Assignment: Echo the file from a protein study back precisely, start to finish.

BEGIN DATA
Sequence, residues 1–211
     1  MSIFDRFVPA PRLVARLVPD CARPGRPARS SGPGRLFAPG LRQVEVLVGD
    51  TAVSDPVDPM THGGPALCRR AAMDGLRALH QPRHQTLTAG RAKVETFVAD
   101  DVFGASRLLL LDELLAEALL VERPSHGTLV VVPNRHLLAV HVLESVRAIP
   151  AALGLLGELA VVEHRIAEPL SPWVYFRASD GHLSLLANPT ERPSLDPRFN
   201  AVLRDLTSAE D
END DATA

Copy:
Sequence, residues 1–211
     1  MSIFDRFVPA PRLVARLVPD CARPGRPARS SGPGRLFAPG LRQVEVLVGD
    51  TAVSDPVDPM THGGPALCRR AAMDGLRALH QPRHQTLTAG RAKVETFVAD
   101  DVFGASRLLL LDELLAEALL VERPSHGTLV VVPNRHLLAV HVLESVRAIP
   151  AALGLLGELA VVEHRIAEPL SPWVYFRASD GHLSLLANPT ERPSLDPRFN
   201  AVLRDLTSAE D